I didn’t go to an elite graduate program, and it wasn’t at an elite university (although they now have an elite football team–Go Ducks!). I did have the privilege of having a few teachers who were truly elite in their field: Bill Mitchell, who coined the term “public choice,” and helped define the intellectual approach I most strongly identify with (and which I would argue is the most well-grounded, least ivory tower, of all the conceptual approaches in my area of the social sciences); John Orbell, one of the most frequently and widely-published political scientists of our era; and–during my post-doc–Lin Ostrom, who is indisputably the most widely respected person in political science, and who recently won the Nobel Prize. These, along with a couple of special profs in my undergrad years, taught me how to think and focus on analysis rather than mere advocacy, an idea I now teach my students, but which too many political scientists still fail to grasp. (Like any self-selected discipline, it suffers from self-selection bias, which in this case is towards an interest in solving the world’s problems, which is all well and good if you analyze them correctly, but not so well and good if you don’t have patience with doing the analytical work, and focus entirely on normative approaches).
I don’t teach at an elite college (although U.S. News and World Reports lists us as a top “up and coming baccalaureate college’). It’s in a dwindling industrial town in the rust-belt. Many of my colleagues prefer to commute, so they can live in or near Ann Arbor, a true university town. I complain that our town of 20,000 is too big (my wife laughs at me a lot), and kind of wish we’d bought a house in one of the small flyspeck towns nearby. I recently had the chance to meet the eminent biologist Richard Alexander, and was delighted to sit in the kitchen of his old farm house, where, in his 70s, he still manages a horse raising farm. I identify with early Public Choice theorist James Buchanan, who grew up in rural Tennessee and always felt looked-down on by the academic elite from “better” families.
One of our readers, at least, likes to mock the social sciences, in preference to philosophy. I find this interesting, because philosophy seems far more ivory tower to me. It can be done well simply sitting in an office surrounded by books, with no human contact whatsoever (part of academia’s problem is that it self-selects for those who are comfortable foregoing human contact for long periods of time) and without ever considering actual data from the surrounding world. The social sciences, done properly, involve close observation of the real world around us. There are, of course, social scientists who are effectively philosophers. I would include constitutional law scholars in that–they are very much like religious scholars studying ancient and abstract texts. (I don’t mean that as a criticism: good con law scholarship is no simple task.) And of course there are bad social scientists who think they are observing the world around them, but do so through such an ideological lens that they get only a very warped picture. Rightly or wrongly–and we should always beware that we might be deceiving ourselves–my libertarian ideology both developed as a consequence of my social scientific observation of the world and is tempered by it (which is why I’m only a moderate libertarian, and shudder at some of the beliefs of more deeply committed libertarian ideologues).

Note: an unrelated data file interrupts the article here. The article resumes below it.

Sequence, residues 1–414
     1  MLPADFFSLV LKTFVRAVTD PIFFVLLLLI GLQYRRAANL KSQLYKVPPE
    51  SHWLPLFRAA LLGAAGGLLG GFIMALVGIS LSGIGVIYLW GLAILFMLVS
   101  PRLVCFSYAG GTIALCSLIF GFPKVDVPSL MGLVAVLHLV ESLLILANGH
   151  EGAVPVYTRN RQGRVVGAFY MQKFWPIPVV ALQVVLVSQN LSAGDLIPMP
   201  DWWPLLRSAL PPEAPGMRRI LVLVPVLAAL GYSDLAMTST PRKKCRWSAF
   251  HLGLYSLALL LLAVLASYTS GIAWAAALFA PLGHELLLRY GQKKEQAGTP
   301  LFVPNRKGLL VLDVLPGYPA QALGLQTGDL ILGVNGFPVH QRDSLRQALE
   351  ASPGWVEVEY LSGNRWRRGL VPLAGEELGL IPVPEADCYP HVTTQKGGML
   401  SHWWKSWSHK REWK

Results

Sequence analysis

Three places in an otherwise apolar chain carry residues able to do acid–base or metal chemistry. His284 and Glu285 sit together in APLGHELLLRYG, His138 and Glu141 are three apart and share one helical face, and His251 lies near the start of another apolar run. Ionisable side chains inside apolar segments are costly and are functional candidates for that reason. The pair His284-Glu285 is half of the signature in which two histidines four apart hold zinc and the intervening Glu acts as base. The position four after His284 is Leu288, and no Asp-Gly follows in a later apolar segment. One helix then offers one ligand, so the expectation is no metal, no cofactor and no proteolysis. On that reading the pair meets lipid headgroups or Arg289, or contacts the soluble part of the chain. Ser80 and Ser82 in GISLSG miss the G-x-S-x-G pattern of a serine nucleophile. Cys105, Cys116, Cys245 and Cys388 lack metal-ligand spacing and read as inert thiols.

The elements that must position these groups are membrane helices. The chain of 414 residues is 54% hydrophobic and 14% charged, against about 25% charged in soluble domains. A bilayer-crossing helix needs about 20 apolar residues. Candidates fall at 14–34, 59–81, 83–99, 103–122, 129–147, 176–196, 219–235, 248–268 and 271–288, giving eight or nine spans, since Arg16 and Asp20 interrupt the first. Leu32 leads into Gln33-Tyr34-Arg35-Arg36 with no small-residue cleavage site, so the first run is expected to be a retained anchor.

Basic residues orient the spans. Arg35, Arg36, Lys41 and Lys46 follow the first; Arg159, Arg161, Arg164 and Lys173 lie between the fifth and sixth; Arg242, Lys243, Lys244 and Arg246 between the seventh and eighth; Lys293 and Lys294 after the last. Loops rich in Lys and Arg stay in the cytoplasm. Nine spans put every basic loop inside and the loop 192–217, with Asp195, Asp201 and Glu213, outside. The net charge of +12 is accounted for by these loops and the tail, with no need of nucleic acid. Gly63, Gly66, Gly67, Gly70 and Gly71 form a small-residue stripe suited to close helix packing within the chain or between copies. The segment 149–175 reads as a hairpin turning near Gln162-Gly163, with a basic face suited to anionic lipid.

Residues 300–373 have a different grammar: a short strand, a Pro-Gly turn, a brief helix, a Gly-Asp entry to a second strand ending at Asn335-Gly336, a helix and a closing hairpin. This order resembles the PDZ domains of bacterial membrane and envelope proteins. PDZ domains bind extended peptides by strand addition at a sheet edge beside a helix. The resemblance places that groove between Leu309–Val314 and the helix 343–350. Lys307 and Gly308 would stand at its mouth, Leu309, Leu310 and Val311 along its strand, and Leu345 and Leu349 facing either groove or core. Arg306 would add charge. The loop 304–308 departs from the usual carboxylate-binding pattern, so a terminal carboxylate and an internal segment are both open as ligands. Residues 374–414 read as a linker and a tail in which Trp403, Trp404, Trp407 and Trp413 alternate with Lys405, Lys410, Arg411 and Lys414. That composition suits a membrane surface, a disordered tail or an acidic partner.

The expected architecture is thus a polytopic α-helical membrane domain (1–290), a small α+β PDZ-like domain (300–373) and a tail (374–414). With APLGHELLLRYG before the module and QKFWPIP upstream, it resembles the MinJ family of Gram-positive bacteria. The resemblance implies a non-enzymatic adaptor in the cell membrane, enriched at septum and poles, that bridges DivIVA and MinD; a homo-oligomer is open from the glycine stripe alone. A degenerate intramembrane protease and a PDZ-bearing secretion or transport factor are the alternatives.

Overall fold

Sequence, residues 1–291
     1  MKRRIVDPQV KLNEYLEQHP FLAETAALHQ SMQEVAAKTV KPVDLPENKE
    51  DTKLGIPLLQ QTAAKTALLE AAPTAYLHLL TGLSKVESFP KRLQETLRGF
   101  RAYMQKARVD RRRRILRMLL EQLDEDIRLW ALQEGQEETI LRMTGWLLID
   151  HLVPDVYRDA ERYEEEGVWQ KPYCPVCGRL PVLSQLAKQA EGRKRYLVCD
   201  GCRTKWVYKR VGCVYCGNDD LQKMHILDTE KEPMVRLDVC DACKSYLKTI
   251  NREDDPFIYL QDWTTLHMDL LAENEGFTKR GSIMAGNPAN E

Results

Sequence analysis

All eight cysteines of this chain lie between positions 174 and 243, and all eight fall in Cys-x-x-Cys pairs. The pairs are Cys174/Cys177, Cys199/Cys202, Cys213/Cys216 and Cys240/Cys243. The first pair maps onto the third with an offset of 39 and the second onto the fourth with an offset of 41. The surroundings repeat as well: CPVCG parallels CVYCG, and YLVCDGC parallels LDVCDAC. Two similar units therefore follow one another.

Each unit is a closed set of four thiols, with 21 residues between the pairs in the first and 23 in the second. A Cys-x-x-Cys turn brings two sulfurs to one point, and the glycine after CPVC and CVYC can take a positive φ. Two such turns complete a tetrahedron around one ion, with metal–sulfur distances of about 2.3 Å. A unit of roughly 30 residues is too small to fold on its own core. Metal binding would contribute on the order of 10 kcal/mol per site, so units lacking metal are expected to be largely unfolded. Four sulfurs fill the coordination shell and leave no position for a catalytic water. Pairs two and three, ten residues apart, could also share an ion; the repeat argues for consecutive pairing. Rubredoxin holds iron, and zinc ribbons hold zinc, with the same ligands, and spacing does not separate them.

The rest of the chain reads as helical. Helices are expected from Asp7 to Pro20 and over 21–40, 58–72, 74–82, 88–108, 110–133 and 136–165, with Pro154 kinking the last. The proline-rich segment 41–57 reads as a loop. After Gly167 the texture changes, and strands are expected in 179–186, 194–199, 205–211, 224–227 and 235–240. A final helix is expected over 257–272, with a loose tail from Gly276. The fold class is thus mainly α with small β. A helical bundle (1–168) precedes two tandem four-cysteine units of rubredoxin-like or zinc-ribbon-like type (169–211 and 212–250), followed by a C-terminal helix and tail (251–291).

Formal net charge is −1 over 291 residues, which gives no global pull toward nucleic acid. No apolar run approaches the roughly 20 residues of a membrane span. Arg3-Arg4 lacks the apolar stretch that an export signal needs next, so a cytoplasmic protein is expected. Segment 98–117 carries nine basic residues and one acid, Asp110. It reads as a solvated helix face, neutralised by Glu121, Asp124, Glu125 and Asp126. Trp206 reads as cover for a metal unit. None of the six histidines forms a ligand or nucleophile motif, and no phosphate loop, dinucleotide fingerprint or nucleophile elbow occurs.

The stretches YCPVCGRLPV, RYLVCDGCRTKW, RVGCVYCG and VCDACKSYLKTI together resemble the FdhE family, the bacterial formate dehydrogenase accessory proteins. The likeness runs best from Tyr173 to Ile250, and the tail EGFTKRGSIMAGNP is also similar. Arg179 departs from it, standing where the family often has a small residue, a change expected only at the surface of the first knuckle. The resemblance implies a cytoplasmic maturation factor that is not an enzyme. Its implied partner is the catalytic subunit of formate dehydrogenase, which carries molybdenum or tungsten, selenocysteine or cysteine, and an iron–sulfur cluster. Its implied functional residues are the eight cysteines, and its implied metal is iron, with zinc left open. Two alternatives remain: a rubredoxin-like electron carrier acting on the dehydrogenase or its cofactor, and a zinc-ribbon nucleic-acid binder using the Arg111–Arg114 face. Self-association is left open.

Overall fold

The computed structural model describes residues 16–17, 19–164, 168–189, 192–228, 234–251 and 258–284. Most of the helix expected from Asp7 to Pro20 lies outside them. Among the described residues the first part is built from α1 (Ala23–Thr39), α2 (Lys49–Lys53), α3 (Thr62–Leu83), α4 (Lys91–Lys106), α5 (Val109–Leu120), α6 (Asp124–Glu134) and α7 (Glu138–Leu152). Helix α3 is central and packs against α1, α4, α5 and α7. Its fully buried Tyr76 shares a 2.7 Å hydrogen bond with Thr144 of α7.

My idea of a good time, in addition to reading novels (I’m currently re-reading Catch-22, I have read all the Master and Commander series at least twice, probably thrice, except for the last book which I’m hoping to get for Christmas, and I’m a big fan of Cormac McCarthy), is doing renovation work on my house. To the extent possible, my wife and I do it ourselves, instead of paying someone. We don’t think we can afford to pay someone to do it, and we’re not afraid of rolling up our sleeves and getting dirty. This summer I built a shed to house my kids’ bikes–not from a kit, but from scratch (because it was cheaper, and because I could then boast about having done so). My wife is currently in the process of scraping and caulking, so she can repaint one side of our house, after which I will have to learn how to hang new gutters. In the past I have replaced the old cast-iron plumbing union with new PVC, and rewired approximately half my house (with another half to go). I say that contrast myself with the guy discussed here, who surely has a more solid claim to be living in an ivory tower than do I. We haven’t yet replaced the vile carpet in our living room, because we have more important uses for the ~$1500 it would cost (I don’t do carpet–I try to know my limits), haven’t yet begun to renovate the kitchen or bathroom, although both need it desperately, and I’m trying to decide whether my next project should be to rewire our dining room and kitchen or build the deck that will solve our untameable weed problem in that particular spot in our yard. Whichever it is, you can be sure we won’t be soliciting bids, because it’s going to be all our own labor.
What does all this mean, in the end? I wrote this in the context of the recent debate on same-sex marriage that I stimulated on this blog. In the end, my support for same-sex marriage does not come from any elite status or some supposed ivory-tower disconnect from the real world. It is simply the application of a homely concept I learned as a child in a farm town, both in my public elementary school and my conservative protestant church:
Do unto others as you would have others do unto you.
I don’t think any secluded, detached, un-realistic, ivory-tower academic has ever topped that sentiment.